The Abbe Museum, in affiliation with the Smithsonian Institution, is pleased to announce its participation in the Youth Capture the Colorful Cosmos II program. This online exhibit, a partnership with the Indian Township School, is a preview of the full exhibition that will be displayed at the Abbe Museum in September of 2015 during the Acadia Night Sky Festival.
Headline News: Wabanaki Sovereignty in the 21st Century introduces eight topics commonly covered in the media, through first person voice of Wabanaki political and cultural leaders. The exhibit explores the ways in which the Micmac, Maliseet, Passamaquoddy, and Penobscot tribes are asserting their sovereignty in relation to international borders, veterans, identity, language, the emerald ash borer, gaming, hunting and fishing rights, and environmental management.
Native Americans have lived in Maine for thousands of years. Their story begins today and extends back, some say, to time immemorial.
In 1928, the Abbe Museum became the first institution in Maine to support archaeological research. Today, that tradition continues with ongoing research, testing and the annual field school. In this exhibit you will visit a few of the sites that the Abbe has excavated since 1928.
Indians and Rusticators: Wabanakis and Summer Visitors on Mount
Desert Island 1840s-1920s highlights the role that Mount Desert Island played in the cultural and economic survival of Wabanakis (the collective name for Maliseet, Micmac, Passamaquoddy and Penobscot Indians). Offering a focused look at the seasonal interactions of Wabanakis and summer rusticators (summer residents from the large urban areas of the Northeast), it will profile various personalities, especially the iconic
Penobscot Indian showman Frank “Big Thunder” Loring, whose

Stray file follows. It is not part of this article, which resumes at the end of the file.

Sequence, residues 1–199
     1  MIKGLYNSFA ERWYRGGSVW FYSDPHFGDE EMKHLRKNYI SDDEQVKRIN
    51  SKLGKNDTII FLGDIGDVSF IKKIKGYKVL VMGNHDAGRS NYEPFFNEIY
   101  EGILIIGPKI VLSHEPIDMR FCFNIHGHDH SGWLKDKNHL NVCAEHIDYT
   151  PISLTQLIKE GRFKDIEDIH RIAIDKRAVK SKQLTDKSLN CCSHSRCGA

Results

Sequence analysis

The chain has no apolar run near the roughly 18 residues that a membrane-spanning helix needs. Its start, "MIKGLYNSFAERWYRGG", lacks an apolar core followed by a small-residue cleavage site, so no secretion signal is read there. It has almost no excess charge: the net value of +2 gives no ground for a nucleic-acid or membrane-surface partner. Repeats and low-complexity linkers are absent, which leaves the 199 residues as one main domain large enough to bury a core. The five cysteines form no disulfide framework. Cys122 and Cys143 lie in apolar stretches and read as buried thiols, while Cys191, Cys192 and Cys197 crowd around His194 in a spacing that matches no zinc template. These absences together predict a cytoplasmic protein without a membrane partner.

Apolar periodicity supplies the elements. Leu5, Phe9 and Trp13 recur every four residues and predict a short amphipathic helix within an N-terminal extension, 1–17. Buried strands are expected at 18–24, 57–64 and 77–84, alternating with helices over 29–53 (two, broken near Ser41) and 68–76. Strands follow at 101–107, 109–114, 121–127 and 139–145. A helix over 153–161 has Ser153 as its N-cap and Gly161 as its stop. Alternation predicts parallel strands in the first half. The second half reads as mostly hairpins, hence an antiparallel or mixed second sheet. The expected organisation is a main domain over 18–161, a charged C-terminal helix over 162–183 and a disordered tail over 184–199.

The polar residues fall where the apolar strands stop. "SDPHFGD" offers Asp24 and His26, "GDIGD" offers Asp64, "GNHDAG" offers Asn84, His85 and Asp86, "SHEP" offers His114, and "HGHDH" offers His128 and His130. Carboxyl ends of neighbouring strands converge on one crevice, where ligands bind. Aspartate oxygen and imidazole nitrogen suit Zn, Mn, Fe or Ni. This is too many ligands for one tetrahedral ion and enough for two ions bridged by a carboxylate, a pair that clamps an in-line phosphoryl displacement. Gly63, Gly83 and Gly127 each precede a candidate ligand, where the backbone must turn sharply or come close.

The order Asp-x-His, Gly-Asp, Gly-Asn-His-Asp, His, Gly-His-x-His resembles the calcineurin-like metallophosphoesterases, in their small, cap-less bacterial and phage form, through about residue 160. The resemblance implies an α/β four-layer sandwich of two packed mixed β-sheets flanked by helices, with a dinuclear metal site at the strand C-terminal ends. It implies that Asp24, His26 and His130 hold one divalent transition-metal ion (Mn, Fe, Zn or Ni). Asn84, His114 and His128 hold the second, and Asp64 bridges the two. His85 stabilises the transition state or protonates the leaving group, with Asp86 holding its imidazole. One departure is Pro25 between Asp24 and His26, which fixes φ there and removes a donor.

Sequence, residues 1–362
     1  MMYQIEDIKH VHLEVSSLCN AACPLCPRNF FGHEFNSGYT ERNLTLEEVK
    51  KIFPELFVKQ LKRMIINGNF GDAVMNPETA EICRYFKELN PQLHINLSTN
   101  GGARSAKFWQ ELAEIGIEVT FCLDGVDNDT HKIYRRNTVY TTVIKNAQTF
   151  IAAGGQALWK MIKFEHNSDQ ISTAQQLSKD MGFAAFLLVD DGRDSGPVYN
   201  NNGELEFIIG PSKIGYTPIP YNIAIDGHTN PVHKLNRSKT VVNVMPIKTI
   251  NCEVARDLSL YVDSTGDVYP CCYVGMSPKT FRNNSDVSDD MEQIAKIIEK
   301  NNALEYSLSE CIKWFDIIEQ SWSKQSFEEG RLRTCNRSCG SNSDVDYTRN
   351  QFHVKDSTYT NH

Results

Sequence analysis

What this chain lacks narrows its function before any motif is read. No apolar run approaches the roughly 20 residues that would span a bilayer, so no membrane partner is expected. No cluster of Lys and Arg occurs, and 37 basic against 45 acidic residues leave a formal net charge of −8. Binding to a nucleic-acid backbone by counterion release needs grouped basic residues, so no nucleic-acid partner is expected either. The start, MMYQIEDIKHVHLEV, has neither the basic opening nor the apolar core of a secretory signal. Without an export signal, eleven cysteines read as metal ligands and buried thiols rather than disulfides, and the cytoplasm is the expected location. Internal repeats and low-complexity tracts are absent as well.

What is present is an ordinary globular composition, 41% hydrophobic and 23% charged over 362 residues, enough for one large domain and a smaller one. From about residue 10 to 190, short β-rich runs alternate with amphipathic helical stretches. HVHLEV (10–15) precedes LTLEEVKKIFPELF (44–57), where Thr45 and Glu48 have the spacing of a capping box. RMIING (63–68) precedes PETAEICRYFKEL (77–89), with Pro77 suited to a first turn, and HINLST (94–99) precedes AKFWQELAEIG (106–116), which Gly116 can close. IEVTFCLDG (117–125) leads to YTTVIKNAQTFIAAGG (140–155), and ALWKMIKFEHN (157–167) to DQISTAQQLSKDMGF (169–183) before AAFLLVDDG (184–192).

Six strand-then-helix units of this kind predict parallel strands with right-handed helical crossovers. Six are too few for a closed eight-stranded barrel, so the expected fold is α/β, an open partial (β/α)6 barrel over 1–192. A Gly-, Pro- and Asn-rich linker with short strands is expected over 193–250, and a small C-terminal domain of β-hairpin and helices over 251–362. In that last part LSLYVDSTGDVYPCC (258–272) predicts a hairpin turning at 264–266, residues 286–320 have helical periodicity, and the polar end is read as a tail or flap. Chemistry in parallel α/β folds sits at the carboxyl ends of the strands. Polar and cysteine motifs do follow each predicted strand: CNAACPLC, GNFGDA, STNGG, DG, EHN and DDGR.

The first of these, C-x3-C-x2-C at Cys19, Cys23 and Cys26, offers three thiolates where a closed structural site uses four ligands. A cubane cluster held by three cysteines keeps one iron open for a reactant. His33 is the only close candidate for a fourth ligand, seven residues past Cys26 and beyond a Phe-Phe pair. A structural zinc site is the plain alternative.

unforgettable presence on Mount Desert Island spanned 60 years of the Rusticator Era. Visit the online exhibit >
A collaboration of Maine Indian Education and the Abbe Museum.
The Waponahki Student Art Show brings together a wonderful variety of art created by Passamaquoddy and Penobscot students from early childhood education through high school. Using a wide array of media, these young artists incorporate traditional beliefs and values with the modern, multi-cultural world around them. Visit the online 2012 Waponahki Student Art Show >
As guests of the Waponahki Student Art Show, we are invited on a unique journey into the imaginations of these young people; through their expressive works of art we glimpse their lives, culture and natural surroundings. Eagles, salmon, ravens, deer, bears, medicine wheels, dream catchers, trees, flowers and people dancing are some of the images you will see captured in crayon, paint, construction paper, colored pencil and collage.
This annual exhibit provides Waponahki youth a chance to share their creativity and feelings with the people of Maine and beyond. Native children have a unique culture and outlook on life from which to draw inspiration and the pride in their heritage is clearly evident in the works of art that make up this exhibition. From whimsical to spiritual, simple to serious, the opportunity to be creative and to share that with the public gives these students a chance to express themselves in a way that they feel comfortable with.
We all know that museums are the caretakers of a wide variety of objects, archives, and art. This exhibit looks at how museums care for their collections, and protect them from the affects of agents of deterioration such as light, humidity, fire and pests. At the same time, museum staff must balance the needs of an object with the educational mission of the museum. At the end of the day, however, the museum staff love their collections and are tasked with protecting them from the myriad threats they face.